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The Echo
Taylor University, Upland, IN
Tuesday, April 16, 2024
The Echo
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Easter traditions around the world

Taylor students reflect on diverse experiences.

With Easter approaching at the end of this month, Taylor students of diverse backgrounds are anticipating different traditions. 

A common theme surrounding this time is family togetherness. In many cultures, sharing a meal with close relatives is an important aspect of their traditions. How that family time is spent together is diverse across the world.

Rebecca Zuberbuehler, who was born into a Swiss and German household and moved to the Philippines, discussed some of her family’s Easter traditions. In Germany, they make Easter bread, and Zuberbuehler’s family bakes it into the shape of bunnies. On Easter Sunday, they eat bread together as a family. 

In China, Easter is more commercialized, according to sophomore Abi Chen, who was born and raised there. For most people, the holiday is just another opportunity to get together and eat good food. The Christian origins of Easter are only significant to the Christians in China, she added.

According to Chen, Chinese traditions place great value on symbolism and good luck. Different types of foods and animals are commonly used as symbols. All of the traditions emphasize family together.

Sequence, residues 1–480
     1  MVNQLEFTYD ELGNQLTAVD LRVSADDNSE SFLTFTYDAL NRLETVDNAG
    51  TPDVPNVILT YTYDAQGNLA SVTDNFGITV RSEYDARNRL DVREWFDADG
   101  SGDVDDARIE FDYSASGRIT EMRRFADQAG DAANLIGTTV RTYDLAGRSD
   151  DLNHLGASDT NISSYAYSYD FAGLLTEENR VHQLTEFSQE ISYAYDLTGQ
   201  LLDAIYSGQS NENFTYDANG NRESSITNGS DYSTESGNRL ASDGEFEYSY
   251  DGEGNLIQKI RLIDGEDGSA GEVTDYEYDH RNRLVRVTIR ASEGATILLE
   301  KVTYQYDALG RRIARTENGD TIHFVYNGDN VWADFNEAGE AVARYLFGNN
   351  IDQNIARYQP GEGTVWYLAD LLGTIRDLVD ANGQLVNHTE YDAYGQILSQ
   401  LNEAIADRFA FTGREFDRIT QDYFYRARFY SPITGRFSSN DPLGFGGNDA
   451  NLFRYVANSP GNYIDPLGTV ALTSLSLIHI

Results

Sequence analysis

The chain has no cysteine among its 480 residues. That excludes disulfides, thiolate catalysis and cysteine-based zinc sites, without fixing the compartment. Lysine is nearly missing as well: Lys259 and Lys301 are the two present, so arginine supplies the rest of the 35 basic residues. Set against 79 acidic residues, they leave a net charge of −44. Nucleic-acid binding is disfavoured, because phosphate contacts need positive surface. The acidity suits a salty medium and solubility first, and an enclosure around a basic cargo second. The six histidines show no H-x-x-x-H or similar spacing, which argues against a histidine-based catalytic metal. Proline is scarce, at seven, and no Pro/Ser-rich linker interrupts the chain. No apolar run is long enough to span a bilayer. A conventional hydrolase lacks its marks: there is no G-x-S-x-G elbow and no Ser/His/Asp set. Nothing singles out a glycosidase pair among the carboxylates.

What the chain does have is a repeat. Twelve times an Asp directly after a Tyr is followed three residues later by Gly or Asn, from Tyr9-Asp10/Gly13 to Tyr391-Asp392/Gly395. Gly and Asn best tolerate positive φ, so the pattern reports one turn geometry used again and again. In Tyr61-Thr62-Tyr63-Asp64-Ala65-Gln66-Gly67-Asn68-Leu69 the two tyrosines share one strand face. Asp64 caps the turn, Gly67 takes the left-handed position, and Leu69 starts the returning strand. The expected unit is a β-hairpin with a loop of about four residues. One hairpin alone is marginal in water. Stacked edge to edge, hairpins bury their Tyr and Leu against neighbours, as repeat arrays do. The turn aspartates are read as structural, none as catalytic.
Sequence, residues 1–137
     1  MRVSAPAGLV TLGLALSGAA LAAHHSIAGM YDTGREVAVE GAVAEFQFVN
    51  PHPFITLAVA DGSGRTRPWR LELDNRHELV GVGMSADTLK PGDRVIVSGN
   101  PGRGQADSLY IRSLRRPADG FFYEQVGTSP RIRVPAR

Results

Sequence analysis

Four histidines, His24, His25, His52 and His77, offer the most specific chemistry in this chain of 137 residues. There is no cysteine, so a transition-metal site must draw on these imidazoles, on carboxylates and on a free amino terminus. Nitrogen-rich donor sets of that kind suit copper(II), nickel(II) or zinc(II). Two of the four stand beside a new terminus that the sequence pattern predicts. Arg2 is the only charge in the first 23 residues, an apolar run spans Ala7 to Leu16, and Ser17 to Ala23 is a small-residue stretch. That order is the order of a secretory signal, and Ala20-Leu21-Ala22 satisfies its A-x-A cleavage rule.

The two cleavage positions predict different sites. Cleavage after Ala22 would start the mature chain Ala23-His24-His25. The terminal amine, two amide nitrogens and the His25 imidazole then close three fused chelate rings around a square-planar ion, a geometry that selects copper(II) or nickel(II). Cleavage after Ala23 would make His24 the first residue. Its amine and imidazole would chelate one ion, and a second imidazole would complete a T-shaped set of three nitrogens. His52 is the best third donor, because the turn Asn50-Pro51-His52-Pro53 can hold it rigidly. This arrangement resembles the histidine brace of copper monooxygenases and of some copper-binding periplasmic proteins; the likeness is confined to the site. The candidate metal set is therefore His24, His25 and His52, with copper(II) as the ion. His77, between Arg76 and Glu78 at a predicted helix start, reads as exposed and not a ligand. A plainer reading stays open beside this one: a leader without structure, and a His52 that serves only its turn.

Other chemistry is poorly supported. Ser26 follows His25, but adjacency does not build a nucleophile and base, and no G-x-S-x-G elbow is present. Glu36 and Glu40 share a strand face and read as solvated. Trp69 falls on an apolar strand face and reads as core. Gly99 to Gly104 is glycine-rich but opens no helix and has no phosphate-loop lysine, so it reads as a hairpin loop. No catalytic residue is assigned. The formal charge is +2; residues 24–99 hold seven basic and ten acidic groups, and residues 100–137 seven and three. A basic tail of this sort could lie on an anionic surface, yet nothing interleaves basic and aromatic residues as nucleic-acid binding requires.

“I see that a lot: family and then good food,” she said.

Alyssa Tuckey, raised in Austria with missionary parents, talked about the emphasis the country has placed on rest and family togetherness, especially for this type of holiday. Stores will close at 7 p.m. every day and stay closed on Sundays. It is expected that the Sabbath is just a day of rest, she added. 

Because Austria has strong Catholic roots, people get all of these religious holidays off.

Easter is a time to remember the sacrifice that Christ made and his resurrection three days later. Not everyone celebrates Easter like that, but for Christians, it is a significant holiday with a deep meaning behind it. 

“We’d always have lunch together as a family and spend some time reflecting on the beauty of Easter and just how thankful we were to have Jesus be our savior,” Tuckey said. “It was always a really sweet reminder of that.”

On Easter, Zuberbuehler’s family will stay at home to read and reflect on the day’s meaning together instead of going to a church service. As they are preparing in the time leading up to Easter, they will have reflective conversations together.

A popular tradition across cultures is the use of eggs in their celebrations.

Tuckey said that, similar to most Americans, she would participate in Easter egg hunts as a child in Austria. Her family would also decorate beads like most Americans do with eggs, but would hang them around their house instead of hiding them. 

In German traditions, people boil and dye eggs with different colors, Zuberbuehler said. When her dad was a child, the family would go on Easter walks. During these excursions, the children would bring their eggs, and have egg races down hills. 

A common tradition that Zuberbuehler has participated in when she goes back to Germany is using eggs to decorate an Easter bush.

For both Tuckey and Zuberbuehler’s families, walks are a special part of their Easter traditions that emphasize family togetherness. Across cultures, quality family time is very important, especially on Easter, when Christians reflect on sacrifice and salvation.